Example 1: If you are designing a living room that is used mainly in the evening you might want it to feel welcoming, warm, cosy and relaxing. Select images that evoke these feelings. You may have images of a knitted blanket, a slouchy sofa, a roaring fire, a stack of books, a mug of steaming hot chocolate all in muted tones which make you feel relaxed.


Example 2: If you are converting a city loft apartment you might go for an urban, industrial scheme with images of exposed brick, concrete floors, metal lighting, chunky furniture and modern, abstract art.



Top Tip: Try to choose images without thinking too much about them, work with your subconscious mind. 

Now you have a nice big pile of images, or your Pinterest board is bursting at the seams, it is time to start editing. Take each image and think about what it is you like. Is it the colour of the walls? The tiles on the floor? The lighting? The fabric used for the cushions? The lifestyle suggested? Make separate piles for colours, textures, lighting, tiles, etc. If there are any images you no longer like once you have thought about them then please just put them to one side. 


By the end of this task you should have an edited pile of images ready to use on your moodboard.

Step 3 – Add colour and texture

At this point start thinking about your main colours. Are there key colours coming through in your chosen images? Are there accent colours you can use?


Example 1: If you are creating a minimalist scheme you might like to choose one main colour and then add different tones and textures rather than an accent colour.


Example 2: Would you like to start introducing some colour into your scheme but you are feeling a little nervous? In this case chose three colours which will work well together. Colour 1 will be your main colour and will occupy approximately 60% of your scheme (this could be the colour of your walls and/or ceiling). Colour 2 will be a secondary colour and occupy 30% of your scheme (this could be the colour of your ceiling and/or woodwork). Finally, colour 3 will be the accent colour and occupy 10% of your scheme (this could be pops of colour in the soft furnishings, artwork and accessories).


Example 3: Are you a colour lover and want to go bold? Then why not select five colours to work into your scheme?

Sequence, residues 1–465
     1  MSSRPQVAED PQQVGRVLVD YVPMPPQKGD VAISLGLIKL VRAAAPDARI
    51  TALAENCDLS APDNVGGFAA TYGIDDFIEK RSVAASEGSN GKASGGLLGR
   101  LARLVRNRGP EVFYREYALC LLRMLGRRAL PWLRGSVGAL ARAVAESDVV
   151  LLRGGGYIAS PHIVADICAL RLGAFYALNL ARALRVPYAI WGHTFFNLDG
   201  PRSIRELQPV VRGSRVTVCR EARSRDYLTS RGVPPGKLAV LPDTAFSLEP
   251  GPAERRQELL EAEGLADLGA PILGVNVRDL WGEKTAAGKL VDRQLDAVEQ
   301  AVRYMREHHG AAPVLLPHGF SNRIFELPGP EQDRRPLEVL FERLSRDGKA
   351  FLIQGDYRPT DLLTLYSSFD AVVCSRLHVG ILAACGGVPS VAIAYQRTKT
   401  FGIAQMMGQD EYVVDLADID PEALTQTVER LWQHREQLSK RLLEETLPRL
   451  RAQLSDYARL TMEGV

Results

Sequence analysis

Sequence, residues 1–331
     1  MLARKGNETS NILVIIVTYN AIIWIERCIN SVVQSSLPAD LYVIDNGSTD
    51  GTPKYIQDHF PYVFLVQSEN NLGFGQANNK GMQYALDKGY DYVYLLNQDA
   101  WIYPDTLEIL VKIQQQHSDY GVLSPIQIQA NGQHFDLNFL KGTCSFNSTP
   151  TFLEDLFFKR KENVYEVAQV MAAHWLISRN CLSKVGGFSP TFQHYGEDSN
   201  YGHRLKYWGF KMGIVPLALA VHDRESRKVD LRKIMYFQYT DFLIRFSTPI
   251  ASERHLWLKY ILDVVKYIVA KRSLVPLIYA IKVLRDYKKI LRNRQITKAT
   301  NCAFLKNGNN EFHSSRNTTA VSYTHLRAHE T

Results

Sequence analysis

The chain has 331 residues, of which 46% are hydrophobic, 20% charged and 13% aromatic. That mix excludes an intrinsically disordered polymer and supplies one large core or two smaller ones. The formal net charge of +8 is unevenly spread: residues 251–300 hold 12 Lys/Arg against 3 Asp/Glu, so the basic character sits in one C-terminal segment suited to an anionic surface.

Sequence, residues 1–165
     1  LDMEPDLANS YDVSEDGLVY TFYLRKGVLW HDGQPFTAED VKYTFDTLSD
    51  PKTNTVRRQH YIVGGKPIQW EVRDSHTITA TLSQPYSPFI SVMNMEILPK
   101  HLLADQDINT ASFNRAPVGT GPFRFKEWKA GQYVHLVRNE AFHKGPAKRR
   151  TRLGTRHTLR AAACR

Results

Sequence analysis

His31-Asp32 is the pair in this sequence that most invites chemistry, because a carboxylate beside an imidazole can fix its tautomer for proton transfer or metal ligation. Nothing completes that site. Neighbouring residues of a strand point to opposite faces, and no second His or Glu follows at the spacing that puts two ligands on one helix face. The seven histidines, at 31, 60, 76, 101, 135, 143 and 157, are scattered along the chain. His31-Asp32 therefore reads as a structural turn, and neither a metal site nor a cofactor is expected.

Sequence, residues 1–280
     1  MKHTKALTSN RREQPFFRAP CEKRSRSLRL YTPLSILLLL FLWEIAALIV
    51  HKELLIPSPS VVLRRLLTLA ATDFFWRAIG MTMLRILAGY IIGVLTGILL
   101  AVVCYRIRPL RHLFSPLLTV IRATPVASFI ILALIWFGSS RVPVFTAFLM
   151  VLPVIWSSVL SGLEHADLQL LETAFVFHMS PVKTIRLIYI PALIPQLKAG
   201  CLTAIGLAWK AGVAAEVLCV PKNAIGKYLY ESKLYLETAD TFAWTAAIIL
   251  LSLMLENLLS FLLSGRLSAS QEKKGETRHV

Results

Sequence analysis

Moodboard created using Canva Pro

Step 4 – Transform your ideas into a scheme

The time has finally come to start laying the images and collected items onto your board. Layout is important at this point. If you are creating a maximalist scheme then you might want to cover your whole board with the images you have collected. If you are creating a minimalist scheme then you might want to choose just three or four main images and lay them on your board with plenty of space between them. This will create a sense of light and space on your board. You could also use paint your main colour on the board to create a background. 

Once you are happy with the positioning of your images and items then stick them into place. You can use spray mount, glue sticks, washi tape, pegs, pins… just remember that whatever you use to secure your images to the board will also form part of your scheme.

Copy of Moodboard Template.jpg

Moodboard created using Canva Pro

Don’t forget, this board is just for you and there is no right or wrong way to do things. 

Congratulations!!! You now have a completed moodboard which you can use to create your dream space! Use this board to help keep you focussed when choosing paint and wallpaper, and when you are buying furniture and accessories. 

Moodboard created using Canva Pro

Top Tip: Take a photo of your board with your phone or get a colour photocopy that you can keep in your bag or purse. This will mean you have your moodboard with you when you go shopping and you can make informed decisions when buying products. 

If you would like to see what inspires me each month why not sign up to my monthly newsletter? Here you will see what is projects I am involved in, a snippet of the latest journal post and, of course, see what is inspiring me each month.